The idea of abolishing Medicare is gaining attention in Washington, D.C. This blog will be defending Medicare in this battle so buckle your seat belts. I thought it might be useful to start that defense with a look at how deep the historical roots of health insurance go.
From the Wiki…
The concept of health insurance was proposed in 1694 by Hugh the Elder Chamberlen from the Peter Chamberlen family. In the late 19th century, “accident insurance” began to be available, which operated much like modern disability insurance.
Before the development of medical expense insurance, patients were expected to pay health care costs out of their own pockets, under what is known as the fee-for-service business model. During the middle to late 20th century, traditional disability insurance evolved into modern health insurance programs. Today, most comprehensive private health insurance programs cover the cost of routine, preventive, and emergency health care procedures, and most prescription drugs, but this is not always the case.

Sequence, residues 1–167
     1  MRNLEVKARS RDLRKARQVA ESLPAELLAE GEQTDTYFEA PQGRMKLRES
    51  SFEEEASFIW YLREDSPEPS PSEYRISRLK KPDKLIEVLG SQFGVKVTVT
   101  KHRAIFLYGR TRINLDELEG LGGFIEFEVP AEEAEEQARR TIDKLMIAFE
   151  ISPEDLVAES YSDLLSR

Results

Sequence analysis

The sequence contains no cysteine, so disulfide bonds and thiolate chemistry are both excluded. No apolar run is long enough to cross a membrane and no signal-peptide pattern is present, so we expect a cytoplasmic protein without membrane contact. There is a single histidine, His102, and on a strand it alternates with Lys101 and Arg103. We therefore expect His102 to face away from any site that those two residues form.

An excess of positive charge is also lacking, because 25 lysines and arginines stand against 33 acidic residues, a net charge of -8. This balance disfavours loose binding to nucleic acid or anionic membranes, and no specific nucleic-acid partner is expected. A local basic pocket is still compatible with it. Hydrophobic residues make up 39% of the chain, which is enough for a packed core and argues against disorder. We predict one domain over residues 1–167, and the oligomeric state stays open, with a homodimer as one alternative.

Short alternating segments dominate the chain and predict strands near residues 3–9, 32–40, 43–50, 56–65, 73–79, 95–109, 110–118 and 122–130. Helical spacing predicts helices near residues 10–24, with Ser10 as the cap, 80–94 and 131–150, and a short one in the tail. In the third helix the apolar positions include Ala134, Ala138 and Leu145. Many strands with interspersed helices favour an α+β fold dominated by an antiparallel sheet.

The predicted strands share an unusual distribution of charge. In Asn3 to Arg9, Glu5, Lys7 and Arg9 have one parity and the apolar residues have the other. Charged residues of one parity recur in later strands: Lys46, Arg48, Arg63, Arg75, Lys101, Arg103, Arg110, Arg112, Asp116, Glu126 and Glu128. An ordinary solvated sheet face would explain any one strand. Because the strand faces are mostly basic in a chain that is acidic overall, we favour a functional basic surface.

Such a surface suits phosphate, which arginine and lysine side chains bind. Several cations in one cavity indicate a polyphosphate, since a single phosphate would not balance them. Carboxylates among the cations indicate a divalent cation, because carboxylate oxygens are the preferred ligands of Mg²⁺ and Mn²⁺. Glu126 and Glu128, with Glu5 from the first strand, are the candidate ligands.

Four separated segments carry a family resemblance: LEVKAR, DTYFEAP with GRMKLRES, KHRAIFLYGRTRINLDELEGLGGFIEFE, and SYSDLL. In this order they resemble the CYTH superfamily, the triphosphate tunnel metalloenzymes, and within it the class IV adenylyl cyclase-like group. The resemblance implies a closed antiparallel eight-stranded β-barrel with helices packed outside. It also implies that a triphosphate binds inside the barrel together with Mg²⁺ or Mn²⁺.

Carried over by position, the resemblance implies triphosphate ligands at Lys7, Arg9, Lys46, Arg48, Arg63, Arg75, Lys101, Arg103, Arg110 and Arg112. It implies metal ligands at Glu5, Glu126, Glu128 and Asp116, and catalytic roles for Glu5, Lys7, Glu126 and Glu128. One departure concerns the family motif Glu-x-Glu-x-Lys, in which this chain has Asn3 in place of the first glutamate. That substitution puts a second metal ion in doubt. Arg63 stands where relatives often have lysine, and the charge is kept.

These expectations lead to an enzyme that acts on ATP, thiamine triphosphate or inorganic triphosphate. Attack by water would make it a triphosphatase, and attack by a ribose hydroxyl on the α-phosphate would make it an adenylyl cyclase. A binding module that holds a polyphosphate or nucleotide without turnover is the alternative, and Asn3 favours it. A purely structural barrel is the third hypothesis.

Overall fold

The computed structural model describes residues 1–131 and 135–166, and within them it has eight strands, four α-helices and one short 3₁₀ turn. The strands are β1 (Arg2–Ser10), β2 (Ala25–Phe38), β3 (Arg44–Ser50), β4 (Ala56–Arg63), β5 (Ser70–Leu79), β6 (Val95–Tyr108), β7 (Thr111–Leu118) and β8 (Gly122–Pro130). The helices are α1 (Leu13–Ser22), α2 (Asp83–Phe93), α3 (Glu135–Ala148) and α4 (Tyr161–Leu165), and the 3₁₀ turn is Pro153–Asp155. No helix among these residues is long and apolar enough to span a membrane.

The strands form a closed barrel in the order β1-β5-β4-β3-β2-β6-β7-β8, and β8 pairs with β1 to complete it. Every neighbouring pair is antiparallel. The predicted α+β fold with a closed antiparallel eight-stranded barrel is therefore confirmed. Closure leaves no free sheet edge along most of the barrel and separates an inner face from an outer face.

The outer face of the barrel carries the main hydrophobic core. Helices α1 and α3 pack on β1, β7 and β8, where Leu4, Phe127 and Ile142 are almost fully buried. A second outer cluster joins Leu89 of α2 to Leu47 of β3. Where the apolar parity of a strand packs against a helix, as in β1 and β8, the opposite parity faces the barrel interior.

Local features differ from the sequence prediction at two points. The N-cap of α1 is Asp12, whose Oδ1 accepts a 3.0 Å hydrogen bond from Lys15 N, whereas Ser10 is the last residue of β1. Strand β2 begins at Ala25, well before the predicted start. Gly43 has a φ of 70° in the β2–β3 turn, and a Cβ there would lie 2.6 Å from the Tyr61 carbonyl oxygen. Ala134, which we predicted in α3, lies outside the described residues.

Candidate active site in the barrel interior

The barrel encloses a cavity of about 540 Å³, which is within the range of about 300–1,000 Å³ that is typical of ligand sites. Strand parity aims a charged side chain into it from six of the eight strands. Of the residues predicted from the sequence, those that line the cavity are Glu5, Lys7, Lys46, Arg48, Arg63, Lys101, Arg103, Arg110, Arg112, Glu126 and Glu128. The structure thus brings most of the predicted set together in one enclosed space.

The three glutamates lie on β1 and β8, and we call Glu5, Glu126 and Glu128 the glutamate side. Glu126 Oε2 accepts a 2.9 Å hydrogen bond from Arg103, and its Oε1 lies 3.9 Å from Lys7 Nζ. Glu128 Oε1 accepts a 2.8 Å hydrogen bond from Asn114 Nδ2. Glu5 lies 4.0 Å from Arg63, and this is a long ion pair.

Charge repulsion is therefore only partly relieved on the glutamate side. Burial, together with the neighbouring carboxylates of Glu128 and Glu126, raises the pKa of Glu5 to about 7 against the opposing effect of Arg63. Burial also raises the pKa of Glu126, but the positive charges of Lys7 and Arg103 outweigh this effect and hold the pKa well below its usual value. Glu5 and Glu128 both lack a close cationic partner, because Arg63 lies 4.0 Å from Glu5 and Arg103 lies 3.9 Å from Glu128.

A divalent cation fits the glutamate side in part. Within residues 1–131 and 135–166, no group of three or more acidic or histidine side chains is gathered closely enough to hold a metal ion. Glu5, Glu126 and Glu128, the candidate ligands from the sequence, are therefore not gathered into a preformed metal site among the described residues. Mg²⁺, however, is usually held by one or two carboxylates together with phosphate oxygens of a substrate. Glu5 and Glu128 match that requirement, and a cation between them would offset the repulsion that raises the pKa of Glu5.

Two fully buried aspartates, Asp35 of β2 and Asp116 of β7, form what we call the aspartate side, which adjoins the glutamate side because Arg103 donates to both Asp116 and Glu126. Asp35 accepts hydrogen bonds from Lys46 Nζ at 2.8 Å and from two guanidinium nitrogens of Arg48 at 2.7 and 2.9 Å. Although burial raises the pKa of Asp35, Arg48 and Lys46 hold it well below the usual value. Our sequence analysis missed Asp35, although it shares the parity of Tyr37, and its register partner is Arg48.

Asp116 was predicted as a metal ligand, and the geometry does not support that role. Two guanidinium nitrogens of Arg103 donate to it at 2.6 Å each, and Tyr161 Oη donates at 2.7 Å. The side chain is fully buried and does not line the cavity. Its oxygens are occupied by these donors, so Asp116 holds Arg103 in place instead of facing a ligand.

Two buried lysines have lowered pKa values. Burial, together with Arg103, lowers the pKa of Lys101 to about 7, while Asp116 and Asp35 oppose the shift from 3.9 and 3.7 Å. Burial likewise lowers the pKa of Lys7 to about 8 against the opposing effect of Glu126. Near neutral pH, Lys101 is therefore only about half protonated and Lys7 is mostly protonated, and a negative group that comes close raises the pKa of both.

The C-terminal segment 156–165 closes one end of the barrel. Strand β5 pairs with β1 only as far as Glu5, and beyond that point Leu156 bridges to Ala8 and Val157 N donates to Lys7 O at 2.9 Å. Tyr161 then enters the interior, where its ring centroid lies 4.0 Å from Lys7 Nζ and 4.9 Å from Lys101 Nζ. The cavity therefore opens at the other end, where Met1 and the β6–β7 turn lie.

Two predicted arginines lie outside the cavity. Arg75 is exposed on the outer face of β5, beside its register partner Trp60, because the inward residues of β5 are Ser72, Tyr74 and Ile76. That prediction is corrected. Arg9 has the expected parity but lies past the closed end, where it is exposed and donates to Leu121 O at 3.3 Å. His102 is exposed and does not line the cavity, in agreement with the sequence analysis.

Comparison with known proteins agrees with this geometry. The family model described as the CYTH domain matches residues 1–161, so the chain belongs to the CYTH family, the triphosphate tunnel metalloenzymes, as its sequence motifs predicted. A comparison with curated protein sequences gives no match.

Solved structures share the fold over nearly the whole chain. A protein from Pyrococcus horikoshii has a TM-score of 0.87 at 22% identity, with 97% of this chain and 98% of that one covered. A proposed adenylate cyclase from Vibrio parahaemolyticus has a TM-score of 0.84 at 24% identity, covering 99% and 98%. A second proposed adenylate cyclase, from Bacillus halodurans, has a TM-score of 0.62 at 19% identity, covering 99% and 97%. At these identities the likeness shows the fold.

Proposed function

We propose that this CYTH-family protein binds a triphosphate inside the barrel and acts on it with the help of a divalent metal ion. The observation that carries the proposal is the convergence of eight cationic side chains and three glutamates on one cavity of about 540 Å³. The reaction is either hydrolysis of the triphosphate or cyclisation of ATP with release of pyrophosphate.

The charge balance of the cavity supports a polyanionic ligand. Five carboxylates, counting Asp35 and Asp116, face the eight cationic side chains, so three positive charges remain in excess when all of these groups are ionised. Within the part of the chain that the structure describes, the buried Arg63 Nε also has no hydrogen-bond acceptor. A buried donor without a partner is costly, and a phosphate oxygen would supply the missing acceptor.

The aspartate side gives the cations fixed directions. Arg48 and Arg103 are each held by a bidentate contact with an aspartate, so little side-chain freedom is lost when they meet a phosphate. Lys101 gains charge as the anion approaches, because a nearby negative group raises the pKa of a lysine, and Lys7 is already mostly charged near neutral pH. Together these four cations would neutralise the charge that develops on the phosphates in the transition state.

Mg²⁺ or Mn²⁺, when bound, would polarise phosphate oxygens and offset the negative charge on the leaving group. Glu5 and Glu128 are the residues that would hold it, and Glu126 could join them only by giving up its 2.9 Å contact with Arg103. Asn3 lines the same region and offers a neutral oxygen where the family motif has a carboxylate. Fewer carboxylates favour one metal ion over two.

Hospital and medical expense policies were introduced during the first half of the 20th century. During the 1920s, individual hospitals began offering services to individuals on a pre-paid basis, eventually leading to the development of Blue Cross organizations. The predecessors of today’s Health Maintenance Organizations (HMOs) originated beginning in 1929, through the 1930s and on during World War II.
Let’s remember that Medicare was created because the private insurance market could not and would not serve older people effectively. Given that market failure it simply does not make sense to abolish Medicare and throw older people back onto the not so tender mercies of the “free” market.